Figure 1. The Fourier spectrograms of the rendition of ragam ‘mohanam’. The sequence of notes (Sa, Re, Ga, Pa, Dha and Sa ) are marked on the left panel. The right panel shows the changes in the time-frequency structure when ‘gamakams’ are included. Figure 3 shows the zoomed in portions of the right panel corresponding to the two white boxes marked A and B. (played by V. Parameswaran on violin)
The observed frequencies of the notes match closely with the expected frequencies based on the frequencies of the tonic (Sa) and the frequency ratios corresponding to each note. These frequencies can be clearly observed in the left panel of Figure 1. The transition from Re to Ga and that from Dha to Sa becomes more complex and dynamic when the raga is played with gamakams as highlighted in the white boxes A, B and C in Figure 1 (right panel). The portions of the audio signal highlighted in the boxes A, B and C are further explored in detail using a technique called Empirical Mode Decomposition. The results of this detailed analysis are discussed in the following section and are shown in the expanded views in Figure 2 and 3.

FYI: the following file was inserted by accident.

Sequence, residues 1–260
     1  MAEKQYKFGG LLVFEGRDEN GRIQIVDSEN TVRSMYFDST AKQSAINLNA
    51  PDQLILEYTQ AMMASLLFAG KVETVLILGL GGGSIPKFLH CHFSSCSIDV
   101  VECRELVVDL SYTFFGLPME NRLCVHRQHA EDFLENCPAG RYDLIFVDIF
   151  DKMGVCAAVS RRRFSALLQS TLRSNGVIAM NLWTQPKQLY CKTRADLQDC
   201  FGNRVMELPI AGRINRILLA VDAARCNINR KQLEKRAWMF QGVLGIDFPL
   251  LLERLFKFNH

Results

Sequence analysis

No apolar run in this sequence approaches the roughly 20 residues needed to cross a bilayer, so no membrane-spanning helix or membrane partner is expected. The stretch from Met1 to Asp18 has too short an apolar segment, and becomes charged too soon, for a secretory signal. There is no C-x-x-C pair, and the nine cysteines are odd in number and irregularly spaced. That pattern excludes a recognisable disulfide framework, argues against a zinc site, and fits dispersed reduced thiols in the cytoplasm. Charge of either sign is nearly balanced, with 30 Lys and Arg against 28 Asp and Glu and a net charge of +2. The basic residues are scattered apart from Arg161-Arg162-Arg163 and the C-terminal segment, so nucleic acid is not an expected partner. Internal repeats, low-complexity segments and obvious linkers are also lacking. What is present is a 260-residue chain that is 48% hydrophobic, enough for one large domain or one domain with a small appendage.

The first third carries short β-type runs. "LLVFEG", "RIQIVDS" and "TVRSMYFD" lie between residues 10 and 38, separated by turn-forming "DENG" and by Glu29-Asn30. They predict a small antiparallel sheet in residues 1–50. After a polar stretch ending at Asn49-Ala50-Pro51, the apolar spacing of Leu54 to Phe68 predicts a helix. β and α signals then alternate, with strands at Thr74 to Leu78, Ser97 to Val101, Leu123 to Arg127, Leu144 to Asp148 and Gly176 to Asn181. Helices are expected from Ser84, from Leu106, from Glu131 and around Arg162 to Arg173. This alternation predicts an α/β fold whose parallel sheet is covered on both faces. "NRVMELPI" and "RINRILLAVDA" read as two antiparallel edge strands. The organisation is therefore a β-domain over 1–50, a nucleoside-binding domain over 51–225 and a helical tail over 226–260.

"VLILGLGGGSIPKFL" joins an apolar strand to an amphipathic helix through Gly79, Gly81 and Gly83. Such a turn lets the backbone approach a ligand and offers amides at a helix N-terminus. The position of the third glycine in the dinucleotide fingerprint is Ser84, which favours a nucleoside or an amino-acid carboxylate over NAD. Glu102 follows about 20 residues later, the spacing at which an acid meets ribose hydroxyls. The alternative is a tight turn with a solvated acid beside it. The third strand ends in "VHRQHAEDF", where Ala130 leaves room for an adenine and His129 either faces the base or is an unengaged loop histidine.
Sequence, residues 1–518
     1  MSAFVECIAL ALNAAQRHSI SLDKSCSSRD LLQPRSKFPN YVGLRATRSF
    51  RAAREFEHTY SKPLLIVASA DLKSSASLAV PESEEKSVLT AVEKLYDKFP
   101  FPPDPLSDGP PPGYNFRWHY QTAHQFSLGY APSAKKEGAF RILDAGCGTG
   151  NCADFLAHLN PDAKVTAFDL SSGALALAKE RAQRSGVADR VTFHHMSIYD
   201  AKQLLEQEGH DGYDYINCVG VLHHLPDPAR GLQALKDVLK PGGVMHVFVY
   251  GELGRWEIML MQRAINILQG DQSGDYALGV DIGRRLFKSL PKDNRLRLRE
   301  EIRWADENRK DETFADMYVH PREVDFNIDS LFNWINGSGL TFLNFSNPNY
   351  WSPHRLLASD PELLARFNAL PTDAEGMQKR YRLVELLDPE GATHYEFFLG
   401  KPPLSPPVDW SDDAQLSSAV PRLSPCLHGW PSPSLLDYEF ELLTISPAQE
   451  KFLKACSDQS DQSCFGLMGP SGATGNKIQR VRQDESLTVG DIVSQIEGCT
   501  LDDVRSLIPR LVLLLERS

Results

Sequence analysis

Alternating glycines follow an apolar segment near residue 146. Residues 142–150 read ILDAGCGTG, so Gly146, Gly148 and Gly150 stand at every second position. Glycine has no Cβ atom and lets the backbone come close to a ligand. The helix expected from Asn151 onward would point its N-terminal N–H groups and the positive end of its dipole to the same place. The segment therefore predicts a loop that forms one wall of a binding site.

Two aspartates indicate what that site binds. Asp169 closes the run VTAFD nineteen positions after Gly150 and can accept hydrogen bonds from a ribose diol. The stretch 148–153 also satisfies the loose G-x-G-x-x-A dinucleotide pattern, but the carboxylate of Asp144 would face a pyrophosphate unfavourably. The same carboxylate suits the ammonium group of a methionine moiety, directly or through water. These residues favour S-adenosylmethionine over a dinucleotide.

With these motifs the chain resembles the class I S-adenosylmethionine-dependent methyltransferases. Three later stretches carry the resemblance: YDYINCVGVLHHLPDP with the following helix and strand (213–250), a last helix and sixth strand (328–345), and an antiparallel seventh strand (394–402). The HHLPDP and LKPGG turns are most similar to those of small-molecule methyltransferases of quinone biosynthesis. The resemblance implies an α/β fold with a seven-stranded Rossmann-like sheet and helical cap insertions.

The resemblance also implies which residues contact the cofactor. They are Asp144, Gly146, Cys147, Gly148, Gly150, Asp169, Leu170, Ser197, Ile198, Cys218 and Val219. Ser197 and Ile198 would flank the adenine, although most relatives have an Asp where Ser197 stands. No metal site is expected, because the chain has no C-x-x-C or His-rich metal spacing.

Table 1. The expected and observed frequencies for the notes in the musical signal shown in Figure 1.
Empirical Mode Decomposition of the music signal
Empirical Mode Decomposition (EMD) is an adaptive tool to analyze non-stationary signals which decomposes the constituent parts of the signal based on the local behavior of the signal (Heydarian and Reiss, 2005). EMD is a multi-scale technique, in which information at different scales is captured by so-called intrinsic mode functions (IMFs) that are constructed in an adaptive (i.e., data-driven) manner. Details of the implementation of this method can be found in Rilling et al. (2003). The IMFs corresponding to different modes enable us to closely examine different frequency bands as shown in Figures 2 and 3.